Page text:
Dinosaur National Monument
Dinosaur National Monument

Dinosaur National Monument is as close as you’ll get to Jurassic World (without the maulings): 210,844 acres of one of the largest concentrations of dino bones in the world. Millions of years ago, creatures carried downriver got stuck in a sandbar here, fossilizing into a greatest-hits wall with hundreds of specimens. Archaeologists have left many of them partially exposed, so visitors can view the skeletons in context—food for thought should you then try your luck whitewater-rafting down the park’s remaining rivers.

Photographer: MyLoupe/UIG Via Getty Images

Amangiri
Amangiri

The mega-luxe Amangiri resort near the Grand Staircase Escalante-National Monument in southern Utah has drawn such celebrities as Brangelina and Keith Richards with a different sort of scene: 600 acres of pure desert seclusion. Take in the dramatic scenery while someone takes care of you at the 2,300-square-foot spa, where massages draw on Navajo healing traditions, or simply melt into the mesa views from a private firepit in your modernist sandstone suite. Privately guided heli-hiking, equestrian forays, and hot air ballooning are on offer for the adventurous. 

Source: Amangiri

Homestead Crater
Homestead Crater

If there’s one thing Utahans love, it’s getting outdoors. And when skiing, hiking, mountain biking, canyoneering, and kayaking gets old, you have to get creative, as in, say, subterranean scuba diving in the 55-foot tall Homestead Crater. Here, a geothermal spring keeps the water a steamy 90-96 degrees year-round. You can sign up for a paddleboard yoga class (think nature’s answer to Bikram) or just take a relaxing soak in this natural hot tub.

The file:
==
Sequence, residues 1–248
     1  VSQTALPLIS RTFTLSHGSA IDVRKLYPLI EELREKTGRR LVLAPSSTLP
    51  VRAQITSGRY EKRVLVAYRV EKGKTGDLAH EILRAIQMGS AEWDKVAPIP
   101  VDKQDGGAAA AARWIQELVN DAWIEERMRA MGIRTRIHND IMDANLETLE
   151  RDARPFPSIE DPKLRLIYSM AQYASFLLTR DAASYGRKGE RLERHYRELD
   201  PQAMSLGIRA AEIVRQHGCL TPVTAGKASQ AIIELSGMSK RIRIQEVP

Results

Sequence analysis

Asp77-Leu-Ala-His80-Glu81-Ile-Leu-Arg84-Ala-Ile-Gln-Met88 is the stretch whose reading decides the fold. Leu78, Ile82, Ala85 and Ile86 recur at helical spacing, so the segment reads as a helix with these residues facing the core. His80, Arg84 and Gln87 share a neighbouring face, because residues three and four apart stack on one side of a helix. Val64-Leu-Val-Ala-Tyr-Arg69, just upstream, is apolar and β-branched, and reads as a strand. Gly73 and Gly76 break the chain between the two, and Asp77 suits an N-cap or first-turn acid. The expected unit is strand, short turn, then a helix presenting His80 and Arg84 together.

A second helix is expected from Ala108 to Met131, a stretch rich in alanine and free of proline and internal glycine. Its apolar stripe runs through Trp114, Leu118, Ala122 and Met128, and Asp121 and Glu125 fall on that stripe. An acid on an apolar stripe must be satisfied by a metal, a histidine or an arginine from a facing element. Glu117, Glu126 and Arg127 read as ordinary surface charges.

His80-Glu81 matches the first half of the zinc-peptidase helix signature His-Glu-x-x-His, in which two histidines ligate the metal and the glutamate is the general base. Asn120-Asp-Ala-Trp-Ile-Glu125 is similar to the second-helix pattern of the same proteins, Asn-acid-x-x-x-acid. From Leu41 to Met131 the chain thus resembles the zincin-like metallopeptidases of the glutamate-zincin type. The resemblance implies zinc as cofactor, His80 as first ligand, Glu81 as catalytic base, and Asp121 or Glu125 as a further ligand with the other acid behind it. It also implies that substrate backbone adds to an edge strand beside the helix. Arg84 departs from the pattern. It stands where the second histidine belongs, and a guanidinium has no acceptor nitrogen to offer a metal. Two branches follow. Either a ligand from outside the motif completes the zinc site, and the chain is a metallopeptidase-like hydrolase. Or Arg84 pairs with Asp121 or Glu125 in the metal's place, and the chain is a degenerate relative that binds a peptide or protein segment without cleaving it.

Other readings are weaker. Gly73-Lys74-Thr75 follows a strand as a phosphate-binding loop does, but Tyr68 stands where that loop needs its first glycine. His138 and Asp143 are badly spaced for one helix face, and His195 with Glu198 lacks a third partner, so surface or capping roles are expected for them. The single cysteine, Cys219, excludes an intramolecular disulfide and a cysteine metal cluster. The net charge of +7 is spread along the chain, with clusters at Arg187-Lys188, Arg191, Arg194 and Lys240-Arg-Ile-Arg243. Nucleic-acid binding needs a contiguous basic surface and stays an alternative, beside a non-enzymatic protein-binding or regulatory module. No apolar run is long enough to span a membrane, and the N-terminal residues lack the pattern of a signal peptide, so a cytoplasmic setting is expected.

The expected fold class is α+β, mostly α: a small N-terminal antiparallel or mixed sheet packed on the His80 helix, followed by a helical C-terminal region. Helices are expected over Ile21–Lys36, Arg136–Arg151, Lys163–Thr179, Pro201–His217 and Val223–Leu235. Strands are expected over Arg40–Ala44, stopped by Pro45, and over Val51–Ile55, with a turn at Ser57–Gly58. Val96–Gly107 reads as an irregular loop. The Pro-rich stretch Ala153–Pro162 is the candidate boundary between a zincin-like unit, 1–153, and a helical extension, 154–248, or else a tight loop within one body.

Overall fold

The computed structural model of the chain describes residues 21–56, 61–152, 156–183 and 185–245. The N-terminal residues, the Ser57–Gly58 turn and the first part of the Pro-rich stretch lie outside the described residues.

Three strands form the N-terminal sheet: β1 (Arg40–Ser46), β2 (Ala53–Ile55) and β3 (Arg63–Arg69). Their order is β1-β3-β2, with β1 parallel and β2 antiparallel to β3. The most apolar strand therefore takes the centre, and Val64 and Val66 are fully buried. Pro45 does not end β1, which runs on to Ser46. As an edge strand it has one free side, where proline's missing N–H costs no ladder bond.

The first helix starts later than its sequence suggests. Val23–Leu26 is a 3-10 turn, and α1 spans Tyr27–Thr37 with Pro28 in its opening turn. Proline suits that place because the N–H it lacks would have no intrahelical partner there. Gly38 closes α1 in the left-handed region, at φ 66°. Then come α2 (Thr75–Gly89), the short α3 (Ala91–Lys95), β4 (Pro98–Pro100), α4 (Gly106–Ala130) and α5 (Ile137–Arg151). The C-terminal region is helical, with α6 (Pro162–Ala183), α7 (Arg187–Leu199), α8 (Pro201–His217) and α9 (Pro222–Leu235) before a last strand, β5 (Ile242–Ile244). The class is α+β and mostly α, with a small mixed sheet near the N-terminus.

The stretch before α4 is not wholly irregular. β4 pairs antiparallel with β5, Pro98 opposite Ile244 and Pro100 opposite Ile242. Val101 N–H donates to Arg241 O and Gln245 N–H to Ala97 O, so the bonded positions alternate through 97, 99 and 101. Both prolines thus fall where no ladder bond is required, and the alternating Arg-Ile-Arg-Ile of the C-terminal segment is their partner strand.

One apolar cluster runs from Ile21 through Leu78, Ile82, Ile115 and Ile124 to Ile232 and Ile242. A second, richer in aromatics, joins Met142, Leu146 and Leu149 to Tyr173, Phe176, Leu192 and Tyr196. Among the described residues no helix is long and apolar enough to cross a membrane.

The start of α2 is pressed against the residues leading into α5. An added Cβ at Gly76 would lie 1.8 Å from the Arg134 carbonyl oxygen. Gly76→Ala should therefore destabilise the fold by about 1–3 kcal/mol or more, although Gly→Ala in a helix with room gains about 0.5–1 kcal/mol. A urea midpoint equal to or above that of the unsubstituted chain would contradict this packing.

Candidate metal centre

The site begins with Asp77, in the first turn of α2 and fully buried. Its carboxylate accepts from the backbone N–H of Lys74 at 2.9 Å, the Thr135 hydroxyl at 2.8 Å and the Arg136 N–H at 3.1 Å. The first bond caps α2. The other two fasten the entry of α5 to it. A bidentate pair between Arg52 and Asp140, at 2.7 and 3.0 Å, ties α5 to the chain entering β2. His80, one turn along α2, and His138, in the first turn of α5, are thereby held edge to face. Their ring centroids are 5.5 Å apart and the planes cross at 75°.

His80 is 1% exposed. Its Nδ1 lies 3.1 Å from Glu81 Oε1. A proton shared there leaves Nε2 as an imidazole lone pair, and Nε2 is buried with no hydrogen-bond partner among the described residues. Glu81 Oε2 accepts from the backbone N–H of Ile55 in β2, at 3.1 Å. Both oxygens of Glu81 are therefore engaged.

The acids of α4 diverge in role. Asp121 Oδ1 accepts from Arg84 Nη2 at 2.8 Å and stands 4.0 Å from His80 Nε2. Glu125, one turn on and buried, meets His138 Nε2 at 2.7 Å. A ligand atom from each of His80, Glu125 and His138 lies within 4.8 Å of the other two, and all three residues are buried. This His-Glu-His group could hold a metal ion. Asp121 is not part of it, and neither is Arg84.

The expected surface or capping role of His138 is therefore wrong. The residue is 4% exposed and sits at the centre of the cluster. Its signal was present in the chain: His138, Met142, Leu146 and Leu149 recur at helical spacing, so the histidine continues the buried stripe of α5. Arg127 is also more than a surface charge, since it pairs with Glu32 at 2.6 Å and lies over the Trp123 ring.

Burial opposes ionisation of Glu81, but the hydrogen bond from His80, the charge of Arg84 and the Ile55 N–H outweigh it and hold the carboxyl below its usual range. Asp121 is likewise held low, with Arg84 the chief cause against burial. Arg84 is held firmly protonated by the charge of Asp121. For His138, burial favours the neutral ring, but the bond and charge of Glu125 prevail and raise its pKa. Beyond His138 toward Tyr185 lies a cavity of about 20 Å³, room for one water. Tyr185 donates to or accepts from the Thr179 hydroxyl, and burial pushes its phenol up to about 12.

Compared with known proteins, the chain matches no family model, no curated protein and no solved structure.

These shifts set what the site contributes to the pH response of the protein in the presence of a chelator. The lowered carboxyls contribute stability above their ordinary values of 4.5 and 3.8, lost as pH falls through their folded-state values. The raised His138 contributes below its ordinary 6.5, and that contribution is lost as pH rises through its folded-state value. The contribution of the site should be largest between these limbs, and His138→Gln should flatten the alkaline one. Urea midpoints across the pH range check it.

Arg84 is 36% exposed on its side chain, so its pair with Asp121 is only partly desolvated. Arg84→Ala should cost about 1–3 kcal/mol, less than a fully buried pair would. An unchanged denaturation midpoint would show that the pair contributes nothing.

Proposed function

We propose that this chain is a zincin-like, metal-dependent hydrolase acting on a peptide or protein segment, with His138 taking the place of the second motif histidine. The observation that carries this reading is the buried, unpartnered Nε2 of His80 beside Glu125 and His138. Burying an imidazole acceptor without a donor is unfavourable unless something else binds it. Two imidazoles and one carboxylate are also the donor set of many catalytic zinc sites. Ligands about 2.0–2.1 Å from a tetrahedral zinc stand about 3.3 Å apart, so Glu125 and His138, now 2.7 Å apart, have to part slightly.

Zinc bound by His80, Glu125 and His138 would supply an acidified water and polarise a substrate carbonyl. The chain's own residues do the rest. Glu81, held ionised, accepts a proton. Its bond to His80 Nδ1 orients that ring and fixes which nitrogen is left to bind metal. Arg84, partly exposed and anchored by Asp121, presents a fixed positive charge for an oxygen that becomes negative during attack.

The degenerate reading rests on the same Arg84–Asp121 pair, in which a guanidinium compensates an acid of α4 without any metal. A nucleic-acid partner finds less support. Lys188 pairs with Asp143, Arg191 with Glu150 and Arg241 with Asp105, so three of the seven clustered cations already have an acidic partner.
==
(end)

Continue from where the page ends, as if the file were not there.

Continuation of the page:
Photographer: Andy Jenkins/Courtesy of Park City Yoga Adventures in the Homestead Crater

Arches National Park
Arches National Park

Red rock arches (2,000 of them), boulders, hoodoos, towers, and buttes all become backdrops when the sun goes down and the stars come out in Arches National Park. It’s here that you’ll see what only about 10 percent of the world’s population can: the Milky Way, a glittering jewel box of light stealing the show from the shooting stars, satellites, and constellations blinking overhead. 

Photographer: Barcroft Media/Getty Images

Angel’s Landing
Angel’s Landing

Mormon settlers were so awed by the red rock cathedrals, hanging gardens, and majestic formations of this southern Utah spread that they dubbed it Zion, aka the “City of God.” And it’s hard not to have faith in some higher power when you manage to scramble to the top of Angel’s Landing, a five-mile, test-your-mettle hike 1,500 steep feet up. (Perfect for epic selfies.) Hold tight to chains as you scramble the last 500 feet—up a knife-thin ridge with vertigo-inducing drops on either side—and you’ll feel on top of the world. That is, until you realize that you have to climb down.

Photographer: Ryan Gargiulo/Pause The Moment

Boating on Lake Powell
Boating on Lake Powell

Picture the Grand Canyon. Now picture someone turning on a giant spigot to fill those crimson canyons with crystalline turquoise water. That’s Lake Powell. Spanning Utah's southeastern border with Arizona, it’s a playground of wakeboarding and waterskiing, sandy beaches and party-hopping houseboats. It’s got all the big rock beauty of Utah’s national parks, but with a cold beer in hand.

Photographer: Danita Delimont/Getty Images

High West Whiskey Distillery
High West Whiskey Distillery

Utah may have a reputation for good behavior, but back in its silver mining days, it knew how to throw back a jug of moonshine (or four). High West Distillery in Park City has rekindled that legacy as the state’s first (legal) distillery since the 1870s, garnering more than a few James Beard Awards in the process. The food is pretty killer, too—think bison beef burgers, apple-smoked Scottish salmon, and freshly baked soft pretzels with whiskey-whipped beer cheese. 

Source: High West Distillery